Exercise: Think-Pair-Share Questions
    1. Protozoa that cause gastrointestinal infections are capable of producing cyst forms as well as trophozoites. State why this is essential to these pathogens.

    The Role of Protozoan Cytoplasmic Membrane Components in Initiating Body Defense

    Initiation of Innate Immunity

    In order to protect against infection, one of the things the body must initially do is detect the presence of microorganisms. The body does this by recognizing molecules unique to microorganisms that are not associated with human cells. These unique molecules are called pathogen-associated molecular patterns or PAMPs. (Because all microbes, not just pathogenic microbes, possess PAMPs, pathogen-associated molecular patterns are sometimes referred to as microbe-associated molecular patterns or MAMPs.)

    Components of protozoa that function as PAMPs include GPI-anchored proteins (GPI = Glycosylphosphatidylinositol) and mannose-rich glycans (short carbohydrate chains with the sugar mannose or fructose as the terminal sugar) that function as PAMPs. These mannose-rich glycans are common in microbial glycoproteins and glycolipids but rare in those of humans. These PAMPs bind to pattern-recognition receptors or PRRs on a variety of defense cells of the body and triggers innate immune defenses such as inflammation, fever, and phagocytosis.

    Initiation of Adaptive Immunity

    Proteins associated with protozoa function as antigens and initiate adaptive immunity. An antigen is defined as a substance that reacts with antibody molecules and antigen receptors on lymphocytes. An immunogen is an antigen that is recognized by the body as non-self and stimulates an adaptive immune response. The body recognizes an antigen as foreign when epitopes of that antigen bind to B-lymphocytes and T-lymphocytes by means of epitope-specific receptor molecules having a shape complementary to that of the epitope. The epitope receptor on the surface of a B-lymphocyte is called a B-cell receptor and is actually an antibody molecule. The receptor on a T-lymphocyte is called a T-cell receptor (TCR). This will be discussed in greater detail in Unit 6.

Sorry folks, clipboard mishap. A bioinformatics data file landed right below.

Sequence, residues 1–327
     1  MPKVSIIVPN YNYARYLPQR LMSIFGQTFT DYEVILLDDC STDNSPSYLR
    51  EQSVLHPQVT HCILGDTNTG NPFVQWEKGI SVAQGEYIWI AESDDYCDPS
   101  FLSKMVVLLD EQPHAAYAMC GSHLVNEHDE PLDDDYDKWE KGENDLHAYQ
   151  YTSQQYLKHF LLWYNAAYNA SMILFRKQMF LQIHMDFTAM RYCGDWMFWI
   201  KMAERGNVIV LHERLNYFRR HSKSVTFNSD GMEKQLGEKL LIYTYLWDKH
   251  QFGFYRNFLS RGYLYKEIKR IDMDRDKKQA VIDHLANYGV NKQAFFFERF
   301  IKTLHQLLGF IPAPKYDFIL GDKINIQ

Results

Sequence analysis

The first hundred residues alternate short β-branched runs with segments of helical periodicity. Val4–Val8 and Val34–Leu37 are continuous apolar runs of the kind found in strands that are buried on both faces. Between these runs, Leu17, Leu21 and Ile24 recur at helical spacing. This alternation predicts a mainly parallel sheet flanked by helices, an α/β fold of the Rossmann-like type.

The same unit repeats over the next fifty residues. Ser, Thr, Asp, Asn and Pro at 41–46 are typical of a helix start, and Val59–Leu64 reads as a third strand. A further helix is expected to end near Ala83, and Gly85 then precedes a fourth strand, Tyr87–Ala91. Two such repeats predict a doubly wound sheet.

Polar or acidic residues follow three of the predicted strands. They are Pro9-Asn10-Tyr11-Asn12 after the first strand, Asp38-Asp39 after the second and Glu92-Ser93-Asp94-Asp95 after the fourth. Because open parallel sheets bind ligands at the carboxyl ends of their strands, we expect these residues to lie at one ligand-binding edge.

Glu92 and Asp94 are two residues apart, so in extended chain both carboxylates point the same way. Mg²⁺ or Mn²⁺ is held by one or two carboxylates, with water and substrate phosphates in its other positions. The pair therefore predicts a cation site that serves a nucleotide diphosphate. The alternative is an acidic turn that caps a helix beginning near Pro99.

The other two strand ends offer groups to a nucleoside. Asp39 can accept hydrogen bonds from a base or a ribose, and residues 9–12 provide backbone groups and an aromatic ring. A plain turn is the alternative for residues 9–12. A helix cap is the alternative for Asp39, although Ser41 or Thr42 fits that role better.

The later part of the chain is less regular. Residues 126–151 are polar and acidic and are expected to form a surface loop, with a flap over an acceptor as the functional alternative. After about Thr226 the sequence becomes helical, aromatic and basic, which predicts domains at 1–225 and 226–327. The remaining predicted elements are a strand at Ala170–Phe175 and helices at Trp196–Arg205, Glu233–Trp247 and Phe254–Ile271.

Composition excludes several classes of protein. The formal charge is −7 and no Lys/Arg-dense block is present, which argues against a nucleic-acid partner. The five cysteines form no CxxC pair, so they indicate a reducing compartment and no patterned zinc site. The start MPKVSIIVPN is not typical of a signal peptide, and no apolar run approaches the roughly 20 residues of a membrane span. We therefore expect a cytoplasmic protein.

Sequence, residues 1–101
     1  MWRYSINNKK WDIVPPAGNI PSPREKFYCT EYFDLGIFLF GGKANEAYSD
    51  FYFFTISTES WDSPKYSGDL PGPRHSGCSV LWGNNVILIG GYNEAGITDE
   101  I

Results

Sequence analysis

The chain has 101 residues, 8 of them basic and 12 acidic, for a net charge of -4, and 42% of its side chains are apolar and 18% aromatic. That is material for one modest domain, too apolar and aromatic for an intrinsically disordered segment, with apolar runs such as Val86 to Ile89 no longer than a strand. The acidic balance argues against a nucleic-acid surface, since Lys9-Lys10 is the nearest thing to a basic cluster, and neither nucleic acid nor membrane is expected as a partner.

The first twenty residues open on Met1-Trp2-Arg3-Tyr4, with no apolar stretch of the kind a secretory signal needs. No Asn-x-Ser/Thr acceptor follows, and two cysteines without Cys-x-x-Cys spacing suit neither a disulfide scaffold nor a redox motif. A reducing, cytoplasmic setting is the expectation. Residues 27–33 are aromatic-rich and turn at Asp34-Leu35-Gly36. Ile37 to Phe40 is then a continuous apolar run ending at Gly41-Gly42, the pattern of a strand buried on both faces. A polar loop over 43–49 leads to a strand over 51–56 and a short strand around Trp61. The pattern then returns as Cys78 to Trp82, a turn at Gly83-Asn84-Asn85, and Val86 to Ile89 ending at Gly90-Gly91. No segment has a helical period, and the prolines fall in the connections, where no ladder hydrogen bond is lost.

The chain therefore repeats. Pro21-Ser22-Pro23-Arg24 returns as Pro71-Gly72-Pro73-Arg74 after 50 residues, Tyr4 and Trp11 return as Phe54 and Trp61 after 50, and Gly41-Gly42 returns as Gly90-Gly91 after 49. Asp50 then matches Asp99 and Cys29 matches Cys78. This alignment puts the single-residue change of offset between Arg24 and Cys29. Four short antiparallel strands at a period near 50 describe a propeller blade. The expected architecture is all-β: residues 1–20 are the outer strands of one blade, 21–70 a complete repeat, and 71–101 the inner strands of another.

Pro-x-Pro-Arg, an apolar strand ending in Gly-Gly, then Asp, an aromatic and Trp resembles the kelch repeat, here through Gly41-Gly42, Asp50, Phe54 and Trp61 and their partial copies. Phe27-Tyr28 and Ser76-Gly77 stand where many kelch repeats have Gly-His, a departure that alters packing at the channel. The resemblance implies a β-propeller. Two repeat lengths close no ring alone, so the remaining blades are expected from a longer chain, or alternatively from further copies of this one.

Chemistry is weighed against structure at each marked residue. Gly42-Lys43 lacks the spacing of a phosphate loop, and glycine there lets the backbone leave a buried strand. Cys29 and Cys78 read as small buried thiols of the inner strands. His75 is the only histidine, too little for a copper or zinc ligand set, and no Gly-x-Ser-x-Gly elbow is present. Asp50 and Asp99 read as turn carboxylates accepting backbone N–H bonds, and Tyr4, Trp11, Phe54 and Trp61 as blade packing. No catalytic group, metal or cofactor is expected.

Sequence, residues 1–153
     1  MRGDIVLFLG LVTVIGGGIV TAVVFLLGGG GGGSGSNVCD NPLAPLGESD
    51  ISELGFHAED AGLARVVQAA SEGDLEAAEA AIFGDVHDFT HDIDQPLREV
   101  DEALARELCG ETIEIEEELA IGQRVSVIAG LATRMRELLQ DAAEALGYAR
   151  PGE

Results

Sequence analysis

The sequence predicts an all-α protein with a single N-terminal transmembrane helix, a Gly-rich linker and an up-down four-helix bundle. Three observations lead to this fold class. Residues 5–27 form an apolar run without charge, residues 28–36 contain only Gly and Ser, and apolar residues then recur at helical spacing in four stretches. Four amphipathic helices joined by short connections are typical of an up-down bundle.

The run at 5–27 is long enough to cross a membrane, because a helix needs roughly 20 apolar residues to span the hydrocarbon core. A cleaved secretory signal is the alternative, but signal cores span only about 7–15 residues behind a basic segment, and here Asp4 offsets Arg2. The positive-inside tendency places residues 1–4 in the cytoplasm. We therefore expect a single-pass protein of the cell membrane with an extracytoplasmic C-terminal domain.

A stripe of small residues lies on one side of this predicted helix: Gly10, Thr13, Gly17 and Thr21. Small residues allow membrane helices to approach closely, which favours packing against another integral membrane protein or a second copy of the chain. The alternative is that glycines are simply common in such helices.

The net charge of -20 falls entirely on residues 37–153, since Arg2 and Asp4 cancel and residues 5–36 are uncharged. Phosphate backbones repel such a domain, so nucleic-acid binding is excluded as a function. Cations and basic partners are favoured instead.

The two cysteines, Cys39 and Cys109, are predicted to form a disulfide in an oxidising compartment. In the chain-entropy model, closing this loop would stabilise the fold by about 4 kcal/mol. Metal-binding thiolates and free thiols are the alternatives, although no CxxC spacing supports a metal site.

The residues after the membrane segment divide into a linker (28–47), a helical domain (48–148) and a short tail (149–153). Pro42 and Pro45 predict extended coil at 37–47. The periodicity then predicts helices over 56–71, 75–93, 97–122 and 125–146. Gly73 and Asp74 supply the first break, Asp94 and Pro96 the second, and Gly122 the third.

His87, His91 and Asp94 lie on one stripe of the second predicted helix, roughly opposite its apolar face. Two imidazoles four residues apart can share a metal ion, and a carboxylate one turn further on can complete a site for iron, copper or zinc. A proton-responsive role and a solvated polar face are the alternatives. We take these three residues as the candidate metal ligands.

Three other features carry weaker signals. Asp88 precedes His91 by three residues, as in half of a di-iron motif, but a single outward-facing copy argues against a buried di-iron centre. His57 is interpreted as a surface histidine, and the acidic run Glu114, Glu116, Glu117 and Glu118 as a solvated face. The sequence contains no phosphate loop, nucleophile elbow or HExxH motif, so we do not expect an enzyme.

We will now briefly look at some medically important protozoa classified into phyla based on their motility. Illustrations can be found in your Lab Manual in Lab 20.


    Protozoa are unicellular eukaryotic microorganisms lacking a cell wall and belonging to the Kingdom Protista. Protozoa reproduce asexually by fission, schizogony, or budding. Some protozoa can also reproduce sexually. Relatively few protozoa cause disease. The vegetative, reproducing, feeding form of a protozoan is called a trophozoite. Under certain conditions, some protozoa produce a protective form called a cyst. Components of protozoa that function as PAMPs include GPI-anchored proteins and mannose-rich glycans. These PAMPS bind to PRRs on various defense cells and trigger innate immunity. Protozoan molecules can also trigger adaptive immunity such as the production of antibody molecules against protozoan antigens.



    This page titled 5.1.1: Characteristics of Protozoa is shared under a CC BY license and was authored, remixed, and/or curated by Boundless.